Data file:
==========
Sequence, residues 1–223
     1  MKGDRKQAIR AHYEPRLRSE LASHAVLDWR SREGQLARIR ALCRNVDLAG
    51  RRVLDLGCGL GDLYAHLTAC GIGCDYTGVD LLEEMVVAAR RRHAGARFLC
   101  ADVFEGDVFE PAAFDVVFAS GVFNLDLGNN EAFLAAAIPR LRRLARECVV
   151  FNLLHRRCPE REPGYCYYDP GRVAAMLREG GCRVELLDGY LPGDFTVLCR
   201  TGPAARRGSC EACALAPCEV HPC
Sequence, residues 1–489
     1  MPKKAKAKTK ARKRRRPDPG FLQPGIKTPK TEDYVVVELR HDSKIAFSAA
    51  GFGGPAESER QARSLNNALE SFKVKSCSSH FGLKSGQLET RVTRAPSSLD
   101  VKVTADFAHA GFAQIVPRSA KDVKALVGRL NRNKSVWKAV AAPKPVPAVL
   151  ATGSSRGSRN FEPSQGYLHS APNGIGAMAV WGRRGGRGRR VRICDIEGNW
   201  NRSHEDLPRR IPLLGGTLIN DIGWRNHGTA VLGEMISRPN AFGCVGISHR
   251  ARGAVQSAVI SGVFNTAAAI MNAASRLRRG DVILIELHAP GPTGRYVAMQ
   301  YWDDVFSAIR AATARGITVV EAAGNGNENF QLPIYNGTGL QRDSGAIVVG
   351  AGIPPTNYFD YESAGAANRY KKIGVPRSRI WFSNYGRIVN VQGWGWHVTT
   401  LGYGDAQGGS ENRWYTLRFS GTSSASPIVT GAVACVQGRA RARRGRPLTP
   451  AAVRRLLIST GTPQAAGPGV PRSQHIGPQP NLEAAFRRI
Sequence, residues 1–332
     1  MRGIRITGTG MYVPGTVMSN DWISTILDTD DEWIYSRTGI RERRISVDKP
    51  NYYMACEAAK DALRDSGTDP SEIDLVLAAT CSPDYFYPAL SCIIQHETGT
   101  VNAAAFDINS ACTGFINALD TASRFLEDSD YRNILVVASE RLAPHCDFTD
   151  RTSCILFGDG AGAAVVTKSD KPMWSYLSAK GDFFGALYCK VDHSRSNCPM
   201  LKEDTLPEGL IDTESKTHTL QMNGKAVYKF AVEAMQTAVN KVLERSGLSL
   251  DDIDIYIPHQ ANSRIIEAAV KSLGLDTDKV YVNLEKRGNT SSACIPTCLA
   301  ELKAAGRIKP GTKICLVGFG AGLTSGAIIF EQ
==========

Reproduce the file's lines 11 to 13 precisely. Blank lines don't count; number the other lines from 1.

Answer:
   151  ATGSSRGSRN FEPSQGYLHS APNGIGAMAV WGRRGGRGRR VRICDIEGNW
   201  NRSHEDLPRR IPLLGGTLIN DIGWRNHGTA VLGEMISRPN AFGCVGISHR
   251  ARGAVQSAVI SGVFNTAAAI MNAASRLRRG DVILIELHAP GPTGRYVAMQ